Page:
Later that year on October 19, 1997, Mission Sunday, Pope John Paul II proclaimed St. Thérèse of Lisieux the third female Doctor of the Church, joining Sts. Teresa of Avila and Catherine of Siena who were proclaimed in 1970 by Pope Paul VI. Until 1970, there were 32 doctors of the Church, all of them men. As the youngest theologian of the church, her writings and life emphasized the love of Jesus and the mercy of God. In his moving homily, Pope John Paul II said:

She was not able to attend a university, nor frequent organized studies. She died young, and yet today, she will be hounoured as doctor, an eminent recognition which raises her in the consideration of the entire Christian community, well beyond what ‘an academic title’ could have done. Among the Doctors of the Church, Thérèse of the Child Jesus and the Holy Face, is the youngest, but her spiritual path is so mature and ardent… The intuitions of faith present in her writings are so vast and profound, as to have earned her a place among the great masters of the spirit.

In a rationalistic culture, one too often permeated by practical materialism, she suggested, with disarming simplicity ‘the little path’ which, retracing the basics of things, leads to the secret of every existence: the Divine Charity which surrounds and permeates every human affair. In a time like ours, marked in so many of its aspects by the culture of the ephemeral and by hedonism, this new doctor of the church appears gifted with a singular efficacy in enlightening the mind and heart of those who are thirsting for truth and love.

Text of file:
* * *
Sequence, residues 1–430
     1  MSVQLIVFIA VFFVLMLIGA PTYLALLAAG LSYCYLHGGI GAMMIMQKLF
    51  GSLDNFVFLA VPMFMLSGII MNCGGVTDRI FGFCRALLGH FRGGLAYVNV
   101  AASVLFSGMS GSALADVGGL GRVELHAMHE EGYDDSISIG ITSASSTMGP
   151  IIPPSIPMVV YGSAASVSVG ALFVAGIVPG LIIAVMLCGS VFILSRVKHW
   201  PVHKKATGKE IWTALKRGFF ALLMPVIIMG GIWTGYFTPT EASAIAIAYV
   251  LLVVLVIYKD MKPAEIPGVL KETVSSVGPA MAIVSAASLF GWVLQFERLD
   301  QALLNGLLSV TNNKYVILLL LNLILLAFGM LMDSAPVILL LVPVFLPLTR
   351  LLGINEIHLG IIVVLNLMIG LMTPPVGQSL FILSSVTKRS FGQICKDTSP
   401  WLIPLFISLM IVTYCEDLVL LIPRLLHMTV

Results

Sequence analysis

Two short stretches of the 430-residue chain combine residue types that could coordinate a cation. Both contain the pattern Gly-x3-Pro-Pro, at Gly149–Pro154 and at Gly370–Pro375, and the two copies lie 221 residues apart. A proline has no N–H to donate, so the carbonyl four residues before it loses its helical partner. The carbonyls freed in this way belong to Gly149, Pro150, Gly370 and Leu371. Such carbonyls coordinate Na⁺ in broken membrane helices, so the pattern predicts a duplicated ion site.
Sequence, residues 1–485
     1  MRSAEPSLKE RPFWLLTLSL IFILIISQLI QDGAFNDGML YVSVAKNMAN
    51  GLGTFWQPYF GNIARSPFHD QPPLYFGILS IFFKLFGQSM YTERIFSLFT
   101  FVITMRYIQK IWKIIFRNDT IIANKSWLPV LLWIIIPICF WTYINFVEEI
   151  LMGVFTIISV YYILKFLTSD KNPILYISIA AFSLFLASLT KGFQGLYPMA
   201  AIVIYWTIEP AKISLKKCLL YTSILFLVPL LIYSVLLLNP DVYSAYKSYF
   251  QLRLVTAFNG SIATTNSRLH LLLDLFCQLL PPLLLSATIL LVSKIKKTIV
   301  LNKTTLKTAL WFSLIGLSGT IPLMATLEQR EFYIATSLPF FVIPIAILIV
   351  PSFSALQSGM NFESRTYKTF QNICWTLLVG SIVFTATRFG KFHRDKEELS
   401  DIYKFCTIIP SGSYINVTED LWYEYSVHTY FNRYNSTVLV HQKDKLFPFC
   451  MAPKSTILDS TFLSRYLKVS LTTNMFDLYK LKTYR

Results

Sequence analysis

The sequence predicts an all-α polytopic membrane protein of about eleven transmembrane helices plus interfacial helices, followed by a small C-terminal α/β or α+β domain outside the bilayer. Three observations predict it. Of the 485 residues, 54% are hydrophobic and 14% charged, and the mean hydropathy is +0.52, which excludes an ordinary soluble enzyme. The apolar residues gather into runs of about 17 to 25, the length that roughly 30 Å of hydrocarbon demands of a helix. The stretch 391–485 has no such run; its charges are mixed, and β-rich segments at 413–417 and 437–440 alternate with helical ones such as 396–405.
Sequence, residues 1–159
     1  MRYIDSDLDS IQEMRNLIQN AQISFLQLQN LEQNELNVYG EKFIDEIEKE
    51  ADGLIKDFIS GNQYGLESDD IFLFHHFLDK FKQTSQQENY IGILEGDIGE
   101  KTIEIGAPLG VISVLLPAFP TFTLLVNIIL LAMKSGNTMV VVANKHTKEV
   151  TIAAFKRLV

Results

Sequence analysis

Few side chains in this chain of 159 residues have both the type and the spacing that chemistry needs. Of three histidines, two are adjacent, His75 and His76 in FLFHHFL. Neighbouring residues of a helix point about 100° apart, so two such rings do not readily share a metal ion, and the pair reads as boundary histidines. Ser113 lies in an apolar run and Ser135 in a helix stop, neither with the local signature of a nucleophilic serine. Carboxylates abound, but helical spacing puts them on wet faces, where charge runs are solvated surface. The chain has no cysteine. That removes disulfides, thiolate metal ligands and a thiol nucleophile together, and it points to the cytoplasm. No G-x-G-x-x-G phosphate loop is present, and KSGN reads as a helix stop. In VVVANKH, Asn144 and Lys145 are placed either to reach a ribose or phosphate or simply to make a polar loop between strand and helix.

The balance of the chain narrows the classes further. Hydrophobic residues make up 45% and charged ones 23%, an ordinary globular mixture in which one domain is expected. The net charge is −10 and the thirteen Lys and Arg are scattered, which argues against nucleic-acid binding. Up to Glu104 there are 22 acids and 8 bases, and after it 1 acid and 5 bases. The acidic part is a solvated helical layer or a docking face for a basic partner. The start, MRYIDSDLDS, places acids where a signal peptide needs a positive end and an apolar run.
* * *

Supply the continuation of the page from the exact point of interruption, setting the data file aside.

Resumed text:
It is not for the honor of Thérèse that we celebrate her doctorate, for she needs no honors. We need this distinction for our ourselves. As a doctor she heals us with her simple spirituality. By placing her in the doctor’s chair and putting on her shoulders the doctor’s gown, the church invites us all to sit at the feet of this astonishing young woman, to restudy the Gospel and be filled anew with its light.  Dr. Thérèse, Little Flower, heal us of all of our ills.  Pray for us.  Teach us to spend our time on earth doing good for others.

St. Jean de Brébeuf: Canadian Martyr


This post was submitted by Catherine Mulroney, the editor of  Living with Christ which is published by Novalis.

St. Jean de Brébeuf is a giant of Canadian history. His writings in the Jesuit Relations, for example, offer an invaluable window into life in 17th-century Canada, while his gift for languages, which prompted him to create the first Huron dictionary, earn him the label of Canada’s first ethnographer. Brébeuf’s impact on the Canadian experience looms large; he is credited with everything from coining the term lacrosse to penning the lyrics of The Huron Carol, a Canadian Christmas classic.

One of the most telling details of his life, however, is found in the name the Huron people gave him — Echon. One translation means “healing tree,” a reference to Brébeuf’s height and gentle nature. The alternative translation, however, “one who carries a heavy burden,” speaks to the spiritual life of the most famous of the men known collectively as the Canadian Martyrs.

Born in France in 1593, Brébeuf was ordained a Jesuit in 1622. He arrived in Quebec as a missionary in 1625, and in 1626 traveled to a Huron community near present-day Midland, Ont. Sent home during political upheaval, he returned to Quebec in 1633, making a 1,300-km canoe trek back to Huronia the following year, where he remained for most of the rest of his life. Brébeuf’s willingness to paddle long distances, portaging through rough terrain and enduring challenging conditions without complaint– even sleeping on rock, for example – so impressed the Huron he traveled with, that they called him Echon to reflect his abilities.